A Leyland resident outraged by illuminated signs planned for a new Aldi store in the town says she was “left waiting for a meeting that was never going to happen” – at which she thought she would have the opportunity to put her concerns directly to the firm.
Ruth Sinclair was one of several locals who told South Ribble Borough Council’s planning committee last month that the five lit-up logos outside the School Lane store – including one fixed to six-metre-high totem – would blight their lives.
Councillors deferred their decision and requested that the retailer “get round the table” with its soon-to-be neighbours to come up with a plan which was acceptable to those living nearby.
But when the proposal came back before the committee last week, members were told that Aldi had declined to enter into further discussions with residents who were concerned, in particular, about the positioning of the totem at the junction of School Lane and Golden Hill Lane.
Instead, the supermarket chain agreed to switch off the signs within half an hour of the store closing at 10pm and the application was approved.
But Ruth says the first she knew about the decision was when she read about it in the Lancashire Post – and that she and others had been waiting for what they thought was a promised meeting with Aldi.
As a result, none of the residents turned up at the latest committee meeting to put their case for a final time.
“I feel cheated and let down by those very people who are supposed to represent me and allow me to have a fair hearing,” Ruth said.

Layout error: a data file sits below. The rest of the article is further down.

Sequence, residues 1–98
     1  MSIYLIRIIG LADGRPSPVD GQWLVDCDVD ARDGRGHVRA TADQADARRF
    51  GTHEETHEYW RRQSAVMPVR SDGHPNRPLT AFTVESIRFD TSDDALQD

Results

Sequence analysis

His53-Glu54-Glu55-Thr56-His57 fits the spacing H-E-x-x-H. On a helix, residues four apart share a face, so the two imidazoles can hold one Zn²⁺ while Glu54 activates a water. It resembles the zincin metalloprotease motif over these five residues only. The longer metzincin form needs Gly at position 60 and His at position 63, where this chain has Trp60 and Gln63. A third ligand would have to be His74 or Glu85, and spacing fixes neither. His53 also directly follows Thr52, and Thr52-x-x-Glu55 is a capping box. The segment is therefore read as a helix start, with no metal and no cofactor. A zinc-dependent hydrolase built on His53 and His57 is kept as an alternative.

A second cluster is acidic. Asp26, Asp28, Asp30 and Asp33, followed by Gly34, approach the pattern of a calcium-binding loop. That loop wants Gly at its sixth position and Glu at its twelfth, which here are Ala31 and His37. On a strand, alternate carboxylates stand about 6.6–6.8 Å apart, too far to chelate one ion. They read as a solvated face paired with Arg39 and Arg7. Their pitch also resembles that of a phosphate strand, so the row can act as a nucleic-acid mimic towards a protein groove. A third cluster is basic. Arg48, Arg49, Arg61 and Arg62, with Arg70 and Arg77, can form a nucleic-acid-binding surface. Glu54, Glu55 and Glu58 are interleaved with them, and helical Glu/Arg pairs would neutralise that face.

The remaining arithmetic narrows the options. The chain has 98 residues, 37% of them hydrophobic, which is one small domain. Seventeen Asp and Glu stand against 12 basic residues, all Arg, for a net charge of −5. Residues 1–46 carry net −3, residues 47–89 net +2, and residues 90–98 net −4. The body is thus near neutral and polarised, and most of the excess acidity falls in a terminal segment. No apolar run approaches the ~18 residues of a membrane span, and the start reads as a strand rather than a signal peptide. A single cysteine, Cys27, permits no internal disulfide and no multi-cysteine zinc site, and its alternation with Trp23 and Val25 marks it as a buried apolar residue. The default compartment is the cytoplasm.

“As Aldi were not prepared to meet, the planning committee should have rejected the proposal. Nobody let me know and so, in good faith, I was waiting for a meeting that clearly was never going to happen.”
Jonathan Noad, South Ribble Borough Council’s director of planning said: “The planning applications submitted by Aldi have gone through the full due process and throughout the period the council has been in dialogue with the applicant and those who have objected to the proposals, meeting and exceeding its statutory requirements for consultation.
“Further engagement by the applicant with residents would have been at their own discretion.”
Papers presented to the committee state that Aldi would be “happy to meet residents again, but felt there was little to gain”.
The company had opted for that location after a meeting at which objections were raised to a previous plan for the totem to be erected on School Lane itself.
Committee member Mary Green, who initially suggested a restriction on the length of time the signage could be lit, said it was a “compromise” solution.
“At least residents won’t have the lights shining into their bedrooms at night – it’s the best we are going to get,” Cllr Green said.
But Cllr James Flannery rapped the retailer for not doing as it was asked last month.
“When we say an item is to be deferred to enable an applicant to have further dialogue with the residents, we would expect them to have further dialogue with the residents,” he said.
Aldi was approached for comment.